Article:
Since GDPR came in to affect in May 2018, there has been a great deal of conjecture, speculation and debate about how the new regulations effect contacting clients and prospects. The rules are in place to protect personal information and to ensure that the data holders are treating that information with the respect it deserves.
So how does GDPR effect B2B telemarketing? To legally collect, store and use business data you need to be able to apply one of the following options:
- Contractual necessity
- Compliance with legal obligations
- Vital interests
- Public interests
- Legitimate interests
Where prospect marketing is concerned, GDPR allows telemarketing to occur either if there is direct consent, or if it is believed that the prospect has a legitimate interest in the products or services that the business is marketing however, that doesn’t mean you have a free pass to do whatever you want.
You need to identify a legitimate interest for the data processing, show that the processing is necessary to achieve it and prove you have balanced this against the interests, rights and freedoms of the individual.
The legitimate interests can be your own interests or the interests of third parties, and can include commercial interests, individual interests or broader societal benefits.
If you decide to use legitimate interests as a lawful basis, then a Legitimate Interests Assessment (LIA) must be completed in all cases. A LIA is basically a risk assessment that ensures you’ve gone through a comprehensive decision-making process and have balanced your own interests against those of the individual.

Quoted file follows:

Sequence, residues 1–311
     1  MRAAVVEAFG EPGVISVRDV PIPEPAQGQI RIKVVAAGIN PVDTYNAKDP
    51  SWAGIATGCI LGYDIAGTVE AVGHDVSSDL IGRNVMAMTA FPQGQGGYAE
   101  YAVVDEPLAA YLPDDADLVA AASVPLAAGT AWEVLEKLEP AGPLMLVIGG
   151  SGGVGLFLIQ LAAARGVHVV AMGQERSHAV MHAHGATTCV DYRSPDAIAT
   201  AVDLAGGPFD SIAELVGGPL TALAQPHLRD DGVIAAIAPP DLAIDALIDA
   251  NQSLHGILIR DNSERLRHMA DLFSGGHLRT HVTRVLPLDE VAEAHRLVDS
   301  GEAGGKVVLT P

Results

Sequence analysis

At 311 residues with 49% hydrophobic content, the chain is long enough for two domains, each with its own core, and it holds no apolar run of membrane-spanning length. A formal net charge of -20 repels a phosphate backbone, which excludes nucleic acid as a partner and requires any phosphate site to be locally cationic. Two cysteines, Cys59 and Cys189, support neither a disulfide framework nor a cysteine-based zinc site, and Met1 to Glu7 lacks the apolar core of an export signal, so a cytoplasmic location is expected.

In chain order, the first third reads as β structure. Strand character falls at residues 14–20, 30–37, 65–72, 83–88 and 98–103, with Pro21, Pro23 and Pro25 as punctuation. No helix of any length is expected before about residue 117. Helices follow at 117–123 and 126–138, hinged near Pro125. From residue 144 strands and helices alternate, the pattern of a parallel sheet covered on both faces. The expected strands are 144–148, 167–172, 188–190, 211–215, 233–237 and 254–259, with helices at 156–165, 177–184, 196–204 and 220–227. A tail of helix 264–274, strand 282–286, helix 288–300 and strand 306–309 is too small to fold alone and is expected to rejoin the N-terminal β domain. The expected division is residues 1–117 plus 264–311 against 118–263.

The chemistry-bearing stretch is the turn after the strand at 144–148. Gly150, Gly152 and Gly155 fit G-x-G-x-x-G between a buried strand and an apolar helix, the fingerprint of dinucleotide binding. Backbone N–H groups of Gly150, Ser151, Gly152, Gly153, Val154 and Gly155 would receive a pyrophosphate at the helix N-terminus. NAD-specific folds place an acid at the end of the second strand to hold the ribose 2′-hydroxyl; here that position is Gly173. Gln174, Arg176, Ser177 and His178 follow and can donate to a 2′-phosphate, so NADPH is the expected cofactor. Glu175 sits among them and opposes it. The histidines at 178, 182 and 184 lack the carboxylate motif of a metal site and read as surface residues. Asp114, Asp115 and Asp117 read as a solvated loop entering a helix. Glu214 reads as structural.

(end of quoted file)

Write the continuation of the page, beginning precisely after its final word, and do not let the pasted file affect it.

Additionally, it is recommended that you apply the following protocols to keep you compliant as you move through the marketing and sales cycle:
- Your data must be cross checked with the CTPS register every 28 days
- Record op-tin for email marketing; record opt-out for calls. Date and time stamp. Record who you spoke to
- Do not collect, keep or store any personal details that are irrelevant to the sales and marketing process
- When you collect data which is relevant to your sales process, this must be protected effectively if being stored
- You must have a process to enable a contact to request a copy of all the personal information you hold about them
- If a contact requests to be removed from your database this should happen immediately and you should record that the action has been taken
GDPR does allow you to use 3rd party organisations, such as a telemarketing company, to process your data. As the data controller it is your responsibility to choose a partner who can demonstrate compliance and who has appropriate security measures to protect your data.
At the same time, your processor can assist you in ensuring compliance with your security obligations. For example, if you lack the resource or technical expertise to implement certain measures, engaging a processor that has these resources can assist you in making sure personal data is processed securely.
In short, you should of course adhere to the regulations, and ensure that you are fully compliant. However GDPR does not prevent you from undertaking telemarketing activities, either using your own internal team, or by partnering with an external resource.